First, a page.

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THOMAS H. HUXLEY'S WORKS.
Collected Essays.
Vol. 1. Method and Results.

2. Darwiniana.
3. Science and Education.
4. Science and Hebrew Tradition.
5. Science and Christian Tradition,
6. Hume.
7. Man's Place in Nature.
8. Discourses, Biological and Geological.
9. Evolution and Ethics, and Other

Essays.

12mo. Cloth, $1.25 per volume. The Crayfish:

An Introduction to the Study of Zoology.

With 82 Illustrations. 12mo. Cloth, $1.75. Manual of the Anatomy of Vertebrated

Animals. Illustrated. 12mo. Cloth, $2.50. Manual of the Anatomy of Invertebrated

Animals. Illustrated. 12mo. Cloth, $2.50
Physiography:

An Introduction to the Study of Nature. With
Illustrations and Colored Plates. 12mo. Cloth, $2.50.

New York: D. APPLETON & CO., 72 Fifth Avenuc.

ESSAYS

BY

THOMAS H. HUXLEY

NEW YORK
D. APPLETON AND COMPANY

1901.

Authorized Edition.

BIOLOGY LIBRARY

GIFT

PH31

1 Dat 78 lao/

B101001
LIBRARY

PREFACE

I HAVE entitled this volume “Darwiniana because the pieces republished in it either treat of the ancient doctrine of Evolution, rehabilitated and placed upon a sound scientific foundation, since and in consequence of, the publication of the “ Origin of Species ;” or they attempt to meet the more weighty of the unsparing criticisms with which that great work was visited for several years after its appearance; or they record the impression left by the personality of Mr. Darwin on one who had the privilege and the happiness of enjoying his friendship for some thirty years; or they endeavour to sum up his work and indicate its enduring influence on the course of scientific thought.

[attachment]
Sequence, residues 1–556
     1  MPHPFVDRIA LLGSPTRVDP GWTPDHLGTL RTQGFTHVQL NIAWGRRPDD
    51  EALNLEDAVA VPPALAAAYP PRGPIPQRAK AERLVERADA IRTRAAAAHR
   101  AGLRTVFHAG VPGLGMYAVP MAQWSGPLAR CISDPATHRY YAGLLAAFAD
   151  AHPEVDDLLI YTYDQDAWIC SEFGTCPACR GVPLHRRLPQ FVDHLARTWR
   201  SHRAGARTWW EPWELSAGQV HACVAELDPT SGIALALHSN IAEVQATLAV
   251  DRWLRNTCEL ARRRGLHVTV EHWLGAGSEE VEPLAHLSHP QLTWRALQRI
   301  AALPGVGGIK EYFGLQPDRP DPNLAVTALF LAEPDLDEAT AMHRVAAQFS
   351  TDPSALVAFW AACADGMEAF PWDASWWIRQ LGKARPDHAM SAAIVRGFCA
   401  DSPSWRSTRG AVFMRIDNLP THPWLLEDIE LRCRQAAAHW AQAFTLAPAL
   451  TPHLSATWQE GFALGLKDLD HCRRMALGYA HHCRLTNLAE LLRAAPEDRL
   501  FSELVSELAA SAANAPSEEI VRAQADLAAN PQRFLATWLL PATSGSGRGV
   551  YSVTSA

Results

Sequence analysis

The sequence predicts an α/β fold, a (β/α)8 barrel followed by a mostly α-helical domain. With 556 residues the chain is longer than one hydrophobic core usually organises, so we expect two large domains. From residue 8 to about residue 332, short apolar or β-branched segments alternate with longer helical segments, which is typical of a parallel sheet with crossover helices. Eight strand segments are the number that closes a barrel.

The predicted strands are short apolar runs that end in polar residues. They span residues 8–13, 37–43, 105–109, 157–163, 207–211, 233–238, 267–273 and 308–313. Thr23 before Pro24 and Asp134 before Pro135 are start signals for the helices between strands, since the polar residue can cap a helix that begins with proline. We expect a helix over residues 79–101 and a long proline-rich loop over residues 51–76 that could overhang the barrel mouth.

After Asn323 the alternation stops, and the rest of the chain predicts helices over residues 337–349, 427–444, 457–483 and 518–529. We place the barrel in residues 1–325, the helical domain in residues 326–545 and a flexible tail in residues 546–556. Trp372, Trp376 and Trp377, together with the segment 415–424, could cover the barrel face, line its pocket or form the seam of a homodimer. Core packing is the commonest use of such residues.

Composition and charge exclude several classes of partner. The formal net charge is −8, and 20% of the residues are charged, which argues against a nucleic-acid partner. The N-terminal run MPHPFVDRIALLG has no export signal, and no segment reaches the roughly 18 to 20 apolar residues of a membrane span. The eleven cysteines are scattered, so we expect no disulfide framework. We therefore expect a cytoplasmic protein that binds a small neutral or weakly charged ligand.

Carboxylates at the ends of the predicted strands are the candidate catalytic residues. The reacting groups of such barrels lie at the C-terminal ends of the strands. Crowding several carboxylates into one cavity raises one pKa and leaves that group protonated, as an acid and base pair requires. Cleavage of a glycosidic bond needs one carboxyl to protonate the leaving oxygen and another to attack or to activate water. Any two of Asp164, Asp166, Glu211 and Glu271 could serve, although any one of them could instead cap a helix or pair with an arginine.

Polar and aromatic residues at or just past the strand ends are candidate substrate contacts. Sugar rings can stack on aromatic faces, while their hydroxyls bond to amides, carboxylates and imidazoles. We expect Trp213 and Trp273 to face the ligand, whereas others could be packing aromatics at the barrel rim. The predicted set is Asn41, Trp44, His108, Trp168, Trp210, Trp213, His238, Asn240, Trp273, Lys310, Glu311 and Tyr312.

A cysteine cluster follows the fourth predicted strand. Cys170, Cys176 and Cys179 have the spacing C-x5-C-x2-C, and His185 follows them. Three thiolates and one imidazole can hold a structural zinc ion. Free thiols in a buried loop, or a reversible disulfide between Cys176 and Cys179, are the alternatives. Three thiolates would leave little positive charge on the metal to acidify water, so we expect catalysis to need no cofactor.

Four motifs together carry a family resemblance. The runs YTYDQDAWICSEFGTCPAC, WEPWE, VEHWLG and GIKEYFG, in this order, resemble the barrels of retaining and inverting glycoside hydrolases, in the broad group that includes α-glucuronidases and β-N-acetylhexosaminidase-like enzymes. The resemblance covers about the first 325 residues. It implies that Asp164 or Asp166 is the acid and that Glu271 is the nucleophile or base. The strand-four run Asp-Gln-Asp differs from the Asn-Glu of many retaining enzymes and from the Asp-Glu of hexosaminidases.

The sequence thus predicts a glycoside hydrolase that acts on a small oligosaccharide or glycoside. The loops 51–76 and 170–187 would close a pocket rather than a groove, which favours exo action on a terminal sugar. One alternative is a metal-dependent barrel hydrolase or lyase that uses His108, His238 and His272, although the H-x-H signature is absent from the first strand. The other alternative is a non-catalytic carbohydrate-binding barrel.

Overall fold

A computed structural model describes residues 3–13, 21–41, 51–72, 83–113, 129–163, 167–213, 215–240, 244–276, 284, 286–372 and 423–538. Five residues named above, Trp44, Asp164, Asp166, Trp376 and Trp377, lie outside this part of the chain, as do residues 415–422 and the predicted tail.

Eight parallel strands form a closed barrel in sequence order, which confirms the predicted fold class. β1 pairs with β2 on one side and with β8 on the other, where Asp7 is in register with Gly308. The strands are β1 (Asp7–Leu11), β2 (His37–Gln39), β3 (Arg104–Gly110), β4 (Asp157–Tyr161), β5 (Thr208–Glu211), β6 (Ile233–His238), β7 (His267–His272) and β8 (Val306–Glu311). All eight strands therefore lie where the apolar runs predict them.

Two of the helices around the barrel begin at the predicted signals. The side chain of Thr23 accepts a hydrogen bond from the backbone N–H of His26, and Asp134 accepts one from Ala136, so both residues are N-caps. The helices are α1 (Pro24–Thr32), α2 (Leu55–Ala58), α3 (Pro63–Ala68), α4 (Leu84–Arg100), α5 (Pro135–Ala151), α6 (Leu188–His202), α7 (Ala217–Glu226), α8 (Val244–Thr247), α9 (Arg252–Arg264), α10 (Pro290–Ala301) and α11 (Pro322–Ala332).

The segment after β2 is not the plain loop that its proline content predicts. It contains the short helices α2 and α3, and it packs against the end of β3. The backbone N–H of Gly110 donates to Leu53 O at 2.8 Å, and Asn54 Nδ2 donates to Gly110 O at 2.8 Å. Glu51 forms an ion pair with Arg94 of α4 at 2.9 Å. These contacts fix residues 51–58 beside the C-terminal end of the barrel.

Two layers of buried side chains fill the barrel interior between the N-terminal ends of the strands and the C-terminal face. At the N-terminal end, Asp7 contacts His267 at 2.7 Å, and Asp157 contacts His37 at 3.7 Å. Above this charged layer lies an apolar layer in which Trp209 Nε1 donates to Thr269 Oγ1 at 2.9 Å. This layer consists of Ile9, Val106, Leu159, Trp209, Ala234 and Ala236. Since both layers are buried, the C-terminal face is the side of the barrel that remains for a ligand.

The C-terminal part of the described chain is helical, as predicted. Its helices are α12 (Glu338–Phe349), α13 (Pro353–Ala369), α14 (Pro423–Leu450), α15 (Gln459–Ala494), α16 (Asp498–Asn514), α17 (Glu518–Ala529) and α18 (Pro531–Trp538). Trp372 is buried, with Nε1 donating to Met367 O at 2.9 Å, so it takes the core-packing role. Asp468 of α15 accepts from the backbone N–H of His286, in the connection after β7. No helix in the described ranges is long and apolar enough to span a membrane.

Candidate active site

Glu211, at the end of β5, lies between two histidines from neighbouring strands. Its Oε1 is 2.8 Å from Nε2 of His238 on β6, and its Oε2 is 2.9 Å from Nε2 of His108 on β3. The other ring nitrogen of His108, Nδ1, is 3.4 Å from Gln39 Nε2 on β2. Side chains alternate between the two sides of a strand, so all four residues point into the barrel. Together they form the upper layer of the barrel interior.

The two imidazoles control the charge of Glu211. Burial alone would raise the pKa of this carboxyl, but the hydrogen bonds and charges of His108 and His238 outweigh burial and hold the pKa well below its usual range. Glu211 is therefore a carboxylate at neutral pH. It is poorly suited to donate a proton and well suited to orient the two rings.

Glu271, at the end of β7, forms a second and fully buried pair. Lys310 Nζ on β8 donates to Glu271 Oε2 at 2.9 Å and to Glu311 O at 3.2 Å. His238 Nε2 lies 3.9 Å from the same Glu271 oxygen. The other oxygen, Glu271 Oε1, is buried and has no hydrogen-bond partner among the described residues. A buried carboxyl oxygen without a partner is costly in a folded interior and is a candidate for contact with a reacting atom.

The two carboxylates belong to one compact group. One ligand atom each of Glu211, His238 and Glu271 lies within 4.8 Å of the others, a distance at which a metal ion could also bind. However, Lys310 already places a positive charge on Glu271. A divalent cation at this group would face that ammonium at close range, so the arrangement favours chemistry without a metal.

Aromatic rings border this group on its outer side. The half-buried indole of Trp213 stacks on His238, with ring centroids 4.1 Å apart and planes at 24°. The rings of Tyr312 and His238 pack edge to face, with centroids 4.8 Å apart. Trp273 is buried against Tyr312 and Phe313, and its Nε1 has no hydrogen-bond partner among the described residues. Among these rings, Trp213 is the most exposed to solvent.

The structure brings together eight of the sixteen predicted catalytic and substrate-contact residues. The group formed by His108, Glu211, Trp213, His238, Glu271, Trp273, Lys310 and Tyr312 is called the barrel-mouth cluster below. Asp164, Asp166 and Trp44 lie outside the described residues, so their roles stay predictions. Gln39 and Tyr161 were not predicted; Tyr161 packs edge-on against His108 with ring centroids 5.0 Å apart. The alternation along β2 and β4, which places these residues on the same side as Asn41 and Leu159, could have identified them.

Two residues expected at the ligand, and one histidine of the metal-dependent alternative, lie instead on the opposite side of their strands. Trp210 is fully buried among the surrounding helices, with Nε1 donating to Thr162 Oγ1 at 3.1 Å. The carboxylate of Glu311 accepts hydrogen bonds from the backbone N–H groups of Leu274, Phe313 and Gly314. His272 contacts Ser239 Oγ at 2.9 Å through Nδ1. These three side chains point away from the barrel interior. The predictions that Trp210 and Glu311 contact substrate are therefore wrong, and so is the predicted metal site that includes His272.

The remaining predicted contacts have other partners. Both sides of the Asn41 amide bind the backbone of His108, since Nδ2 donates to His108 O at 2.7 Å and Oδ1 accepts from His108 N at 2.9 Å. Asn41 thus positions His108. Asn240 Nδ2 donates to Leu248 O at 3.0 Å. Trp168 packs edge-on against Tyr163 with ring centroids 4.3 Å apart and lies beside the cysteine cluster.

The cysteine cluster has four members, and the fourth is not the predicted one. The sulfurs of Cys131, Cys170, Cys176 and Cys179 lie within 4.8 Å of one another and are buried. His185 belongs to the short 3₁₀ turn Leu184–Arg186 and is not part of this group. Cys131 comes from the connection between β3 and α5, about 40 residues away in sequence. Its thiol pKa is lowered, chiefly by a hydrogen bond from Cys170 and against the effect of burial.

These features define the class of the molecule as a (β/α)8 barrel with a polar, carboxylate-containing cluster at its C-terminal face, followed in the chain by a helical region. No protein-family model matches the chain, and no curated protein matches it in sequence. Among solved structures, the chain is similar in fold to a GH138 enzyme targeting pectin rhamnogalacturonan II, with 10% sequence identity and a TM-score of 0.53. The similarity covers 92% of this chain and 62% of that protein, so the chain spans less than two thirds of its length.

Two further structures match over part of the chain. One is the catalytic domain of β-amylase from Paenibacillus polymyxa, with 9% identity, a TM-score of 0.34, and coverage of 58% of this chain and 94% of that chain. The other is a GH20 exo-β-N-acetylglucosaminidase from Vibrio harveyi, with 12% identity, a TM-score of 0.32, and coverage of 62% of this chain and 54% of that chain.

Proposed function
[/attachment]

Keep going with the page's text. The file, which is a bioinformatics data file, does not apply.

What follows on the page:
Those who take the trouble to read the first two essays, published in 1859 and 1860, will, I think, do me the justice to admit that my zeal to secure fair play for Mr. Darwin, did not drive me into the position of a mere advocate ; and that, while doing justice to the greatness of the argu

209

ment I did not fail to indicate its weak points. I have never seen any reason for departing from the position which I took up in these two essays; and the assertion which I sometimes meet with nowadays, that I have “recanted or changed my opinions about Mr. Darwin's views, is quite unintelligible to me.

As I have said in the seventh essay, the fact of evolution is to my mind sufficiently evidenced by palæontology; and I remain of the opinion expressed in the second, that until selective breeding is definitely proved to give rise to varieties infertile with one another, the logical foundation of the theory of natural selection is incomplete. We still remain

very

much in the dark about the causes of variation; the apparent inheritance of acquired characters in some cases; and the struggle for existence within the organism, which probably lies at the bottom of both of these phenomena.

Some apology is due to the reader for the reproduction of the “Lectures to Working Men” in their original state. They were taken down in shorthand by Mr. J. Aldous Mays, who requested me to allow him to print them. I was very

much pressed with work at the time; and, as I could not revise the reports, which I imagined, moreover, would be of little or no interest to

any
but

my auditors, I stipulated that a notice should be prefixed to that effect. This was done ; but it did not

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